5 Intriguing Things: Tuesday, 12/31

1. What wearables might do to our ideas about phones, according to one glasshole's honest confession.

"Glass kind of made me hate my phone — or any phone. It made me realize how much they have captured our attention. Phones separate us from our lives in all sorts of ways. Here we are together, looking at little screens, interacting (at best) with people who aren’t here. Looking at our hands instead of each other. Documenting instead of experiencing.

Glass sold me on the concept of getting in and getting out. Glass helped me appreciate what a monster I have become, tethered to the thing in my pocket. I’m too absent. Can yet another device make me more present? Or is it just going to be another distraction? Another way to stare off and away from the things actually in front of us, out into the electronic ether? I honestly have no idea."

 

2. A gripping story about art, $50 million, two brothers in suburban Colorado, and authenticity in a world where everything is trackable. 

"Every object has a barcode. Everyone has a traceable genetic code. Our smartphones let us know exactly where we are. And all the analysis that objects undergo at museums — by curators, conservators, scientists, and historians— only serves to place those objects deeper and deeper into categories of knowledge and history. Everything arrives to us in the full light of day with a wealth of background information. But in Ron's collection, there is the rare opportunity to experience something different. It is more than the opportunity to look at art free from the judgments of authorities. In this collection, there is an opportunity to look at things that come from the darkness, things unknown, filled with actual mystery."

 

3. Stanford students organized a "code poetry" slam.

"Wu wore Google Glass as she typed 16 lines of computer code that were projected onto a screen while she simultaneously recited the code aloud. She then stopped speaking and ran the script, which prompted the computer program to read a stream of words from Psalm 23 out loud three times, each one in a different pre-recorded-computer voice."

 

4. Stefan Becket's 2013 Twitter glossary is pretty much perfect. E.g. Whoa:

"Adding whoa before someone else's tweet is a great way to steal their retweets. Or, less cynically, it's useful for reemphasizing a tweet that your attention-starved followers might have missed. This year, "its usage overlapped with the advancing popularity of social media to create an unstoppable force of media momentum." Some inexplicably spell it woah or (heaven forbid) whoah, but make no mistake: the correct usage is whoa."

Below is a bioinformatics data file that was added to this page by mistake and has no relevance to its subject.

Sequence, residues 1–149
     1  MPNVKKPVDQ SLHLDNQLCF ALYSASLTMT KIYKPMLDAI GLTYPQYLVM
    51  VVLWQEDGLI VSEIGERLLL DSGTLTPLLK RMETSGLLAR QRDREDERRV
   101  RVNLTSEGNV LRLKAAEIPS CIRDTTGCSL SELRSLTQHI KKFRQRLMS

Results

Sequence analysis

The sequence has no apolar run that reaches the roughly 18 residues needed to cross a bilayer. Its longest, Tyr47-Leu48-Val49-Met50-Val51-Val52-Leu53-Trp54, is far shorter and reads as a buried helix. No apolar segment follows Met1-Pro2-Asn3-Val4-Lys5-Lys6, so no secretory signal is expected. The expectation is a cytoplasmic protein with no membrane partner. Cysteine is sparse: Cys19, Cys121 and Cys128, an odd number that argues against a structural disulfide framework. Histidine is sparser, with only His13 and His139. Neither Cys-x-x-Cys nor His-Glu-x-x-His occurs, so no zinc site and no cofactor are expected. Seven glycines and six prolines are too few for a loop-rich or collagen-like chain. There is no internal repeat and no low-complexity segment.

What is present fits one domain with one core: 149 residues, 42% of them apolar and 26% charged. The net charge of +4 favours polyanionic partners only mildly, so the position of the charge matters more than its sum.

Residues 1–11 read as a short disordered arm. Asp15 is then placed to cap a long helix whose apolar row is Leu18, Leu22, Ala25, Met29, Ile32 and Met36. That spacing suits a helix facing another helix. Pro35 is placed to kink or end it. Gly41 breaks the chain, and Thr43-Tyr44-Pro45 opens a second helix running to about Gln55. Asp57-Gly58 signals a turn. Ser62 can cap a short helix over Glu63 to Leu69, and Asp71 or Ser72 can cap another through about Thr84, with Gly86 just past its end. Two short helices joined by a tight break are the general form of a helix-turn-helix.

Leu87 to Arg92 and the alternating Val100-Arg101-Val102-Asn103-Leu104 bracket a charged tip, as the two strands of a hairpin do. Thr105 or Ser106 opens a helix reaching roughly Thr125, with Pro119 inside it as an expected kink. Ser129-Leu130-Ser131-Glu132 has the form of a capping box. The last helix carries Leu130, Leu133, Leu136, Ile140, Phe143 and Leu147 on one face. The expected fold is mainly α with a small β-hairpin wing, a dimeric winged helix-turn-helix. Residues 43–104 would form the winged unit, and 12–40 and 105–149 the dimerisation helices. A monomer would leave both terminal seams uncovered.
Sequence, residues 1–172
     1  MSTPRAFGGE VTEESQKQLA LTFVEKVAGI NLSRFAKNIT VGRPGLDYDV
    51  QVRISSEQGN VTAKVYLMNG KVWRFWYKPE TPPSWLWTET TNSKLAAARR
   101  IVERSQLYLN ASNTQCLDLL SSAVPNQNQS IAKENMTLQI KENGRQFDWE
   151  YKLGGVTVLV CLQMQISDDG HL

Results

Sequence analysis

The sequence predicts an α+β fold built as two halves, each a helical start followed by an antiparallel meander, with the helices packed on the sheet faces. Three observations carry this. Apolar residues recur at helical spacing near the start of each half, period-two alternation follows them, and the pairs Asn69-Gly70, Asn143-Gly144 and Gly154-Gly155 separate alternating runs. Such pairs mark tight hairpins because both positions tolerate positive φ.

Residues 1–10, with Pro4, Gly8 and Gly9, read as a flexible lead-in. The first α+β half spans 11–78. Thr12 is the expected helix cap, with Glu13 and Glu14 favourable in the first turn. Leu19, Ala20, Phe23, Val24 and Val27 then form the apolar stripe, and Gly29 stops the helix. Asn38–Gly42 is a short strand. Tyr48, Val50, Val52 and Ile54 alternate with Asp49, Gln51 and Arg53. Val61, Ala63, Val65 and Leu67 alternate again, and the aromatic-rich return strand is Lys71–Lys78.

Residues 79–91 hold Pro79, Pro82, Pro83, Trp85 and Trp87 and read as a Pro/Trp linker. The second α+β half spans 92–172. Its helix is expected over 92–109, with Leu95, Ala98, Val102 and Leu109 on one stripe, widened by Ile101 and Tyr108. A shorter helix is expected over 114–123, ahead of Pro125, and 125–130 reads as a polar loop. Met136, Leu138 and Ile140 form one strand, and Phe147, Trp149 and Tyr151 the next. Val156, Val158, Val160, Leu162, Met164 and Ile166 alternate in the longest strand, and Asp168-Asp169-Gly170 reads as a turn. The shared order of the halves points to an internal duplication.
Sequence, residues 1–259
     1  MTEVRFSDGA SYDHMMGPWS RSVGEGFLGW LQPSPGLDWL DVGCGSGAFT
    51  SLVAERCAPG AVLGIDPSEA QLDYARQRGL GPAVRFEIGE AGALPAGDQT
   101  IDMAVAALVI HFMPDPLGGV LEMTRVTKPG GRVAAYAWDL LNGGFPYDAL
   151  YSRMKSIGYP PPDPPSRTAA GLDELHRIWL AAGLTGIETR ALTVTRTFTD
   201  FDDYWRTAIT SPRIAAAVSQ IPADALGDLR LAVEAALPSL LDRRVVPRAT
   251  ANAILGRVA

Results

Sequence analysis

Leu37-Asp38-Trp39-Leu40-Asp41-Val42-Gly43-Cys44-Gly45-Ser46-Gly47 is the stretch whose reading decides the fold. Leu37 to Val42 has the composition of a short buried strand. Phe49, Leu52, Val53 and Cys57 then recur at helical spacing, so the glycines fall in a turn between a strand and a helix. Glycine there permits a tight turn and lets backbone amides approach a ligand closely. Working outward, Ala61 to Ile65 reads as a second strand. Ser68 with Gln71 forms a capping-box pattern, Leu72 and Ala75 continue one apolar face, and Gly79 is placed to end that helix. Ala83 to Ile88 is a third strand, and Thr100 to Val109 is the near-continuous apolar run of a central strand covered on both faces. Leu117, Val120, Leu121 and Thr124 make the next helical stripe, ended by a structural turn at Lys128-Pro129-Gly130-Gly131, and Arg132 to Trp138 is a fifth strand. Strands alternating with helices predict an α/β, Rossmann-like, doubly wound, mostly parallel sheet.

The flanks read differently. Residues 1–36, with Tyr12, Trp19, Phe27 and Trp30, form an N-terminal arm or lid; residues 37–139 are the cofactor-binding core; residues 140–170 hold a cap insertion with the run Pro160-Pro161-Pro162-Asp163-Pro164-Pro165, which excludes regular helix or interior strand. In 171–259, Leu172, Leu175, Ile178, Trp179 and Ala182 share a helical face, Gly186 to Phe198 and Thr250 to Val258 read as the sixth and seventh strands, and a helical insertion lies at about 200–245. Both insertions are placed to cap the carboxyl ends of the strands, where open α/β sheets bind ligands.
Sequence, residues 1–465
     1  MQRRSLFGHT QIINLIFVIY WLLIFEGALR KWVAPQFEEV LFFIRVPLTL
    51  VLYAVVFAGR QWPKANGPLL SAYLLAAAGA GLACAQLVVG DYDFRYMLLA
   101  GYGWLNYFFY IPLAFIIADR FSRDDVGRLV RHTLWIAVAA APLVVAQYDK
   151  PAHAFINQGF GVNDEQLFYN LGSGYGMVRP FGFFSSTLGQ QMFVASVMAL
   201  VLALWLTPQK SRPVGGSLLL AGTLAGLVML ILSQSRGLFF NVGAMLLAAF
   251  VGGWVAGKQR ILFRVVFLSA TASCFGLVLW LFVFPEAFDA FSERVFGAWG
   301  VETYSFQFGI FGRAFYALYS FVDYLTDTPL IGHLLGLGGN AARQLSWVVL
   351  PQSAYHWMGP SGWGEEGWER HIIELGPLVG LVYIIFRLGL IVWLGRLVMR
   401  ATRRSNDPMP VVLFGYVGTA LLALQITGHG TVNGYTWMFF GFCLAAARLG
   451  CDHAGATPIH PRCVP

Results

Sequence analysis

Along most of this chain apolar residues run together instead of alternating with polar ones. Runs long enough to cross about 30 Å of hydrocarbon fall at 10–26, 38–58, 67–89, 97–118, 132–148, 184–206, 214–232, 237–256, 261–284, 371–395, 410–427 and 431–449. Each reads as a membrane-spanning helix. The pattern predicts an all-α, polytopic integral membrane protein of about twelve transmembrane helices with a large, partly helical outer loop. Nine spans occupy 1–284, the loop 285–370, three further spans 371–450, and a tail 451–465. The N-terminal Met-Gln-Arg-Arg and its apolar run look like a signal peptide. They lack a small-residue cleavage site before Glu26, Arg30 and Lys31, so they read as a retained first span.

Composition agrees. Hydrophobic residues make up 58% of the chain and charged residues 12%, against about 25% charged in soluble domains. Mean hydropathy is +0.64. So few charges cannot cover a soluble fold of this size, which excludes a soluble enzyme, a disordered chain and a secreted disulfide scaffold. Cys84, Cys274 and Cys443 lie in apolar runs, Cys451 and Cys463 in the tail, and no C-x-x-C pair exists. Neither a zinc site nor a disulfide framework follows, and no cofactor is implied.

flickr/FloridaMemory

5. Happy New Year's Eve from aboard the shantyboat Lazy Bones, Florida, 1947.

 

Today's 1957 English usage tip is:

A.D., Anno Domini. Properly, 'in the year of (our) Lord...' should be followed, not preceded, by the year in question, A.D. 1960, but the misuse (1960 A.D.) is so frequent as to be almost established. Also, it must be a specific year, NOT e.g. the tenth century A.D. B.C., however ('Before Christ'), follows the year or years, 25 B.C., & may follow a century or era.

 

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Alexis C. Madrigal

Alexis Madrigal is the deputy editor of TheAtlantic.com, where he also oversees the Technology Channel. He's the author of Powering the Dream: The History and Promise of Green Technology. More

The New York Observer has called Madrigal "for all intents and purposes, the perfect modern reporter." He co-founded Longshot magazine, a high-speed media experiment that garnered attention from The New York Times, The Wall Street Journal, and the BBC. While at Wired.com, he built Wired Science into one of the most popular blogs in the world. The site was nominated for best magazine blog by the MPA and best science Web site in the 2009 Webby Awards. He also co-founded Haiti ReWired, a groundbreaking community dedicated to the discussion of technology, infrastructure, and the future of Haiti.

He's spoken at Stanford, CalTech, Berkeley, SXSW, E3, and the National Renewable Energy Laboratory, and his writing was anthologized in Best Technology Writing 2010 (Yale University Press).

Madrigal is a visiting scholar at the University of California at Berkeley's Office for the History of Science and Technology. Born in Mexico City, he grew up in the exurbs north of Portland, Oregon, and now lives in Oakland.


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